May is National Stroke Awareness Month and the significance of this meaningful month could mean the difference between life and death. In the United States, someone has a stroke every 40 seconds and someone dies every 3.5 minutes. This incredibly high number means that even if you have never suffered a stroke, someone in your life most likely has.
While there are certain demographics, psychographics, and medical histories that make a stroke more likely to happen, it really can happen to anyone, at any age. This is why it is so important to educate everyone on how to spot them early to help manage any effects that may occur later. Read while diving into stroke risk factors, stroke symptoms and prevention.
What risk factors associated with stroke can I control?
There are many factors of a stroke that you can control, treat and improve, such as:
- High blood pressure: This is the main cause of stroke. Much research attributes a decline in stroke-related deaths to effective treatment of high blood pressure. There are no symptoms of high blood pressure, so it’s important to get tested regularly. If you are found to have high blood pressure, it can be treated with diet and exercise, as well as medication.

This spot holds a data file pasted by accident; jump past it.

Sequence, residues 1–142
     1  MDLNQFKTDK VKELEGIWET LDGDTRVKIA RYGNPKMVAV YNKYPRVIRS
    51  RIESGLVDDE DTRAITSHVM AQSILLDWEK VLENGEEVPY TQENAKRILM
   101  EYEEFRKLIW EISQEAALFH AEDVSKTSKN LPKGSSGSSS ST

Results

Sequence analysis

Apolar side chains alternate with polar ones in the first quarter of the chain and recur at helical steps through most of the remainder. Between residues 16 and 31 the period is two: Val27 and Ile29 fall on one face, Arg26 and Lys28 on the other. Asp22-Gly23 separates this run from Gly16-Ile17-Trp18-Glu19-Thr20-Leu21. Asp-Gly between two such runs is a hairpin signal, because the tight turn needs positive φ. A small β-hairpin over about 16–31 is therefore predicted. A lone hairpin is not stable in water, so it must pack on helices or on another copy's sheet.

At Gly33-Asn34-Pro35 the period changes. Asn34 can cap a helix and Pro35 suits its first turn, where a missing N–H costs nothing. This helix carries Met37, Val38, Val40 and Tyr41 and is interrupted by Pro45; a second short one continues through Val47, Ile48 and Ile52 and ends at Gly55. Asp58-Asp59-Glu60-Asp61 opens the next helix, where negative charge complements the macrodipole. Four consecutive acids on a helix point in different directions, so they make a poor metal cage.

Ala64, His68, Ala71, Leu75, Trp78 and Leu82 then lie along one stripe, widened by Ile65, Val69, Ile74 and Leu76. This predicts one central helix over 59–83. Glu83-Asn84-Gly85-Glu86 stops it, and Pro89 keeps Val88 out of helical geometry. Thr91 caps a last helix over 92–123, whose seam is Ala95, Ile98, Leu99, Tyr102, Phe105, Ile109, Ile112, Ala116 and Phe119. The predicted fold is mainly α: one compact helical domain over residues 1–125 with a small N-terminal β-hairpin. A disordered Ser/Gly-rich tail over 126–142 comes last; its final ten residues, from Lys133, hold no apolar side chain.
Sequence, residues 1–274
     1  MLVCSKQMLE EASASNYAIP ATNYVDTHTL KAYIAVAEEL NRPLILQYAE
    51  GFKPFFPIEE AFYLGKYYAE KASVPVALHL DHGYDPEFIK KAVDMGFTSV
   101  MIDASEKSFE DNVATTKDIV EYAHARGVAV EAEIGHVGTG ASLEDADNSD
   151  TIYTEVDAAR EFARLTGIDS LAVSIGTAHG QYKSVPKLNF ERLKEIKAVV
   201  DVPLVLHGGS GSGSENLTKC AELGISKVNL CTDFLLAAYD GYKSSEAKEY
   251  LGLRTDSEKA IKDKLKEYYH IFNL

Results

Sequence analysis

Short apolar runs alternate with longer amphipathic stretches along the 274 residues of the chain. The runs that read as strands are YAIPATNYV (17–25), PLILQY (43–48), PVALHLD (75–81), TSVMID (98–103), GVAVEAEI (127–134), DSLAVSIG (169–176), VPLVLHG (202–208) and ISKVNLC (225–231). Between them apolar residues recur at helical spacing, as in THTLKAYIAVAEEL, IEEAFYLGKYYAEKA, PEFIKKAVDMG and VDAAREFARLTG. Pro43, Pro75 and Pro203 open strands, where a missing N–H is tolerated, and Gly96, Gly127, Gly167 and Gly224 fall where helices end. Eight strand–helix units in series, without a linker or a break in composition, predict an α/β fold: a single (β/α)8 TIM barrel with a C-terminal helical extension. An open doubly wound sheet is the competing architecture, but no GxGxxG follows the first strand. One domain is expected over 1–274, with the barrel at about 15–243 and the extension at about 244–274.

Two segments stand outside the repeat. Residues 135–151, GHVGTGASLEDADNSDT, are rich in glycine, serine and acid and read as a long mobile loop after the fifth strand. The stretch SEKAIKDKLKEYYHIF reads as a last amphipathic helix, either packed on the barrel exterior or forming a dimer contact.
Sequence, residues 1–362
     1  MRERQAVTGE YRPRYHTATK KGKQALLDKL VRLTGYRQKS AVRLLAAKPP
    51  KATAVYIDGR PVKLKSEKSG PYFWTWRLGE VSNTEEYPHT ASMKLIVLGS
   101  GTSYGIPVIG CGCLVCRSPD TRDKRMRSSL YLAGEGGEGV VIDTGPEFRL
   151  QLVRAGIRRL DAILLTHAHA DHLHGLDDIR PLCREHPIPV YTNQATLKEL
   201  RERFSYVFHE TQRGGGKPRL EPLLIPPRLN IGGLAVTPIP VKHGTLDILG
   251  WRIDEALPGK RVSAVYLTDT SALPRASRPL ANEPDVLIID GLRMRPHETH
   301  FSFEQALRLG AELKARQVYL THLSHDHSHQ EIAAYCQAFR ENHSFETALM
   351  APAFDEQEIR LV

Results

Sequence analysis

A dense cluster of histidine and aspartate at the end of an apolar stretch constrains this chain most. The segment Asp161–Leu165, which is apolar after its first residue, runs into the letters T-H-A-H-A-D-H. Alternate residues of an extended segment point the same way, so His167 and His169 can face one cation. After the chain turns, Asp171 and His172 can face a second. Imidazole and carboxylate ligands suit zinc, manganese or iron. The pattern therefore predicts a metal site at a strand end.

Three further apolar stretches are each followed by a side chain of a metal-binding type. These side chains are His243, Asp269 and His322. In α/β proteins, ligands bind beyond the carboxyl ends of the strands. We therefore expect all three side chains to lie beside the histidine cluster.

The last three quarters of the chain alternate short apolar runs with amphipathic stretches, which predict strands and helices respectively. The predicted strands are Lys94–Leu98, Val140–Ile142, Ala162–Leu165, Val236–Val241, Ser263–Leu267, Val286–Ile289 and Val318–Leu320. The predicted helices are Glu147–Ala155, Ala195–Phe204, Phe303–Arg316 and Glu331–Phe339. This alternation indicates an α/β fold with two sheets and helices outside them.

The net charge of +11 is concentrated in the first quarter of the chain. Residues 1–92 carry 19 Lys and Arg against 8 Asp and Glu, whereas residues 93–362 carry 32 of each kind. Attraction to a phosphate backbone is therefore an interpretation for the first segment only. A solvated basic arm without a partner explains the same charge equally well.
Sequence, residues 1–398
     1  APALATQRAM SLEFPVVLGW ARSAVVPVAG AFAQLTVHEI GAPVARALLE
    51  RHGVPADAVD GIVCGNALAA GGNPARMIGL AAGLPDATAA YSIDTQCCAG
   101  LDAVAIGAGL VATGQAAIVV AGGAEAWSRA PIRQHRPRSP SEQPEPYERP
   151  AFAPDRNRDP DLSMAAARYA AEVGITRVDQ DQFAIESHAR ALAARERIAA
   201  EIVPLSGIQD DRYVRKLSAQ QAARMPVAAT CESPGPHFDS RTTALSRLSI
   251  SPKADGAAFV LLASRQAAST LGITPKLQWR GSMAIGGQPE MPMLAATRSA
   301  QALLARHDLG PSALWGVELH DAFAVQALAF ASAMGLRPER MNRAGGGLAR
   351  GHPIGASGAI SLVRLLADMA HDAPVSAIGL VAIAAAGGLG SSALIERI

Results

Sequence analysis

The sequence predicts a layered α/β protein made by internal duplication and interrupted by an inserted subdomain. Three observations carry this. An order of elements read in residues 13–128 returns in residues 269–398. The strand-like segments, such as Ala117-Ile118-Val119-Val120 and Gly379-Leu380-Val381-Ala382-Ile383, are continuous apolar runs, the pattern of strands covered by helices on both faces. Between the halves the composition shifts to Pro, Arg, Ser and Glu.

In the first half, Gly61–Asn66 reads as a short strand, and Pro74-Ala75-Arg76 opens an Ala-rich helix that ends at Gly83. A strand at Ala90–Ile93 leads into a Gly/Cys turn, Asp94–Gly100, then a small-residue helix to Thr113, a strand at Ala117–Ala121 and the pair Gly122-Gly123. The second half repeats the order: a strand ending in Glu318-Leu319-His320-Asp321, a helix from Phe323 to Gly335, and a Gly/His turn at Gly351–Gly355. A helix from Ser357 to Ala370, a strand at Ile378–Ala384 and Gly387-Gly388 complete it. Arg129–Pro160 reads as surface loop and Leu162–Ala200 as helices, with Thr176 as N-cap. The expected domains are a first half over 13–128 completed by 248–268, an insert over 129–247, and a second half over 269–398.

- High cholesterol: Cholesterol is a fat-like substance made by the liver or found in certain foods. Taking in too much cholesterol that the body cannot use causes cholesterol to build up in the arteries, including those in the brain, which can lead to stroke. Your cholesterol levels can be maintained by adhering to a proper diet.
- Diabetes: If you have diabetes, check your blood sugar. Diabetes can cause blood sugar to build up and prevent oxygen from reaching various parts of your body, even your brain.
- Obesity: This is linked to higher levels of “bad” cholesterol and triglycerides and lower levels of “good” cholesterol. Obesity can also lead to high blood pressure and diabetes, both of which can lead to stroke. Proper diet, exercise and medical intervention can help you reduce your weight and therefore move you further away from the stroke risk zone.